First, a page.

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January 16th 2003
Computer Laboratory > Research > Systems Research Group > NetOS > Seminars > January 16th 2003

Opening up the Kernel to 3rd Parties

Herbert Bos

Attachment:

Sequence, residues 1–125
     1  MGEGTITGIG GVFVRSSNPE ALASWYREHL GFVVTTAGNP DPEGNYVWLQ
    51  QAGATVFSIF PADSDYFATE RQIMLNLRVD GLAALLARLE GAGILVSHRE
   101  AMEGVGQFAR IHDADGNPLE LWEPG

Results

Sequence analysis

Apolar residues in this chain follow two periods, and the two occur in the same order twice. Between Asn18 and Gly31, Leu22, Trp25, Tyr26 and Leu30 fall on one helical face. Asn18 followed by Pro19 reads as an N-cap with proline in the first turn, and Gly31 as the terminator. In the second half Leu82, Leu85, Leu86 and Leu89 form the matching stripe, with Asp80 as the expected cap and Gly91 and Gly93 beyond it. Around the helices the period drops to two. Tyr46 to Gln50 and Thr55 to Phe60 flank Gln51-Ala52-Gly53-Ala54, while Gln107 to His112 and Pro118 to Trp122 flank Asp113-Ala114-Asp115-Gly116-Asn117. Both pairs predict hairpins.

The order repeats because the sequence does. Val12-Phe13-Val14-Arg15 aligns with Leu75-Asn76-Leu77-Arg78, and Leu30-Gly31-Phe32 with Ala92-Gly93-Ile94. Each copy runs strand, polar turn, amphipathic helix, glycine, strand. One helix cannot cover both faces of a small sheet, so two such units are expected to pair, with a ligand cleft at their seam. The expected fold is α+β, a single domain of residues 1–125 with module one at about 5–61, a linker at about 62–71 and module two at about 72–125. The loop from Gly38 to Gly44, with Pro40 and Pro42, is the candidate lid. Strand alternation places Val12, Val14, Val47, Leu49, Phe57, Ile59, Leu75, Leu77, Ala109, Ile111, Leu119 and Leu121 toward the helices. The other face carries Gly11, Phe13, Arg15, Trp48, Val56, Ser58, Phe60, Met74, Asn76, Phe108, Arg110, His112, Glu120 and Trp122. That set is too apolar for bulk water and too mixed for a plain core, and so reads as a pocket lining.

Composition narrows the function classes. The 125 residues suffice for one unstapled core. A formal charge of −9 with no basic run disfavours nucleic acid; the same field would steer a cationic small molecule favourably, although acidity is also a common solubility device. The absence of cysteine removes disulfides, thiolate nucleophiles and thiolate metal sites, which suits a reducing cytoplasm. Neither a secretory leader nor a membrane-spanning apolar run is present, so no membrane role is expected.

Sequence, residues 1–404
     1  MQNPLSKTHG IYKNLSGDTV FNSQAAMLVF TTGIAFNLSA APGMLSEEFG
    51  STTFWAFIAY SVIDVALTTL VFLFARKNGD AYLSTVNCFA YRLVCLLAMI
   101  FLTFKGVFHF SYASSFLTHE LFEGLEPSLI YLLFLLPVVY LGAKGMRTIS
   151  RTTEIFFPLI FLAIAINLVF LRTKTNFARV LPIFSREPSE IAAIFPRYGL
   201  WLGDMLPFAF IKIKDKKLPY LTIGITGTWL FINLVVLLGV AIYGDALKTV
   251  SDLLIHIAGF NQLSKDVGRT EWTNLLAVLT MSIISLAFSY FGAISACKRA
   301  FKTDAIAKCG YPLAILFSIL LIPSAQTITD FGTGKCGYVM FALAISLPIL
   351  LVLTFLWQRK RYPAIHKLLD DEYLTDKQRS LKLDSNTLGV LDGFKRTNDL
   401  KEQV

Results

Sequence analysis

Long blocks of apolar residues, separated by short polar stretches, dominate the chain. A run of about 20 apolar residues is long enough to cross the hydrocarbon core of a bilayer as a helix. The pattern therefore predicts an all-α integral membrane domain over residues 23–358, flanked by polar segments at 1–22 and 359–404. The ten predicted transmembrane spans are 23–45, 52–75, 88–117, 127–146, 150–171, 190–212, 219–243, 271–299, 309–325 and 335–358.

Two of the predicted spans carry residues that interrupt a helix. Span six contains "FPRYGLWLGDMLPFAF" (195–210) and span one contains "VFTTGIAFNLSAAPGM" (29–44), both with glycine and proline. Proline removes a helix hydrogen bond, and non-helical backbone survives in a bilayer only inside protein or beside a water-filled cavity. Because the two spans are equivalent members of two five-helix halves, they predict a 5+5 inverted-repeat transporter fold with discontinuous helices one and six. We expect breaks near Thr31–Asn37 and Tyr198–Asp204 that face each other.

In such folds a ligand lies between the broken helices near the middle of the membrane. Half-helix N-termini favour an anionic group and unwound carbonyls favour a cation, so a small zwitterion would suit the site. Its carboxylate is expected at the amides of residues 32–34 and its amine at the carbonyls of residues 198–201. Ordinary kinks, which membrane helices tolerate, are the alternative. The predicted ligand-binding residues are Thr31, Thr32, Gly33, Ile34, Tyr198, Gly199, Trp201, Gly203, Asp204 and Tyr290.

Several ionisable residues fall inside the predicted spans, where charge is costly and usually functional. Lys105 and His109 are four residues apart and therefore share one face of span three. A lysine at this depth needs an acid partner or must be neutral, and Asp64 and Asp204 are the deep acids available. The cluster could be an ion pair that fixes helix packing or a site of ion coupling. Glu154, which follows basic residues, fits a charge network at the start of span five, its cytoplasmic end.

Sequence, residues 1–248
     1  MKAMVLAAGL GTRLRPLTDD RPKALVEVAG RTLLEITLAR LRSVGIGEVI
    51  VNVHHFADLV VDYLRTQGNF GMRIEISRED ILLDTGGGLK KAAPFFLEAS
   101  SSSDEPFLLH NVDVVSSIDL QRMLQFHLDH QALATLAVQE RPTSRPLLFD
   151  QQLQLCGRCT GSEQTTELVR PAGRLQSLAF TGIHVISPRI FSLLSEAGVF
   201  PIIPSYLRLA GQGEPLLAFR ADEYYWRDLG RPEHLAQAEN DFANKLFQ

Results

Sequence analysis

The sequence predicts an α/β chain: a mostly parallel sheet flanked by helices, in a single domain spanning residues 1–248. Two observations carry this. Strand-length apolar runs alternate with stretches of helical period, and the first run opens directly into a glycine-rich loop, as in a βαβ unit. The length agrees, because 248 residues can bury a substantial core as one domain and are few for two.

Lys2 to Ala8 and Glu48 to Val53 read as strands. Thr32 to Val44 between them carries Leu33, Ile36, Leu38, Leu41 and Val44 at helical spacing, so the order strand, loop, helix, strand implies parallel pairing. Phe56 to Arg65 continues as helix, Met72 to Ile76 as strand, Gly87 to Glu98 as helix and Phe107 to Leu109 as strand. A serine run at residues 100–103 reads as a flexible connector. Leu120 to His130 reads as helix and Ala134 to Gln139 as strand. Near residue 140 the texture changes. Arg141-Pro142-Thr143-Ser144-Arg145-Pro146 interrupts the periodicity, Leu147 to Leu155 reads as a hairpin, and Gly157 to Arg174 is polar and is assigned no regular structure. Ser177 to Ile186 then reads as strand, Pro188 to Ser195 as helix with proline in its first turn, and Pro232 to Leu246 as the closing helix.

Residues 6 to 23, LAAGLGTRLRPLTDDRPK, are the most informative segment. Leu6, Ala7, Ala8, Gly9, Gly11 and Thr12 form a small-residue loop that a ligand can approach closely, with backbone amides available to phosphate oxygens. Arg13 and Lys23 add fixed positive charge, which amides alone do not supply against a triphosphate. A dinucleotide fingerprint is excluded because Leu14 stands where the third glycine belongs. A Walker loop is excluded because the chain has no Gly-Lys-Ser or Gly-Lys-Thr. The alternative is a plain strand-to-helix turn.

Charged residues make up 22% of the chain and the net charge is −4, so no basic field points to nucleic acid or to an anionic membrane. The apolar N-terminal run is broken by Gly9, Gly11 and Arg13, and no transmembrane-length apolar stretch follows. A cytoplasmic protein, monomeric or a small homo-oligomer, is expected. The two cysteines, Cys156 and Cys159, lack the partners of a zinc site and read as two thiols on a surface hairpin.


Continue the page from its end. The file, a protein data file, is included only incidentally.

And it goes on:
For safety reasons, most modern operating systems allow only users with the highest privileges ('root users') to program the kernel directly. However, there exist many application areas (e.g. in network packet processing) where 3rd party code would benefit from the ability to execute below the kernel boundary. In the Open Kernel Environment (OKE), we allow any party with the appropriate credentials to load fully optimised native code in a safe manner in the heart of the Linux kernel. Depending on the credentials the code will get more or less access to resources, such as CPU time, heap, stack, APIs, etc. The restrictions are enforced by a trusted compiler. In other words, the OKE offers a safe and flexible environment for programming the kernel. In this talk, I will give an overview of the OKE, and of the mechanisms that were used to restrict the modules.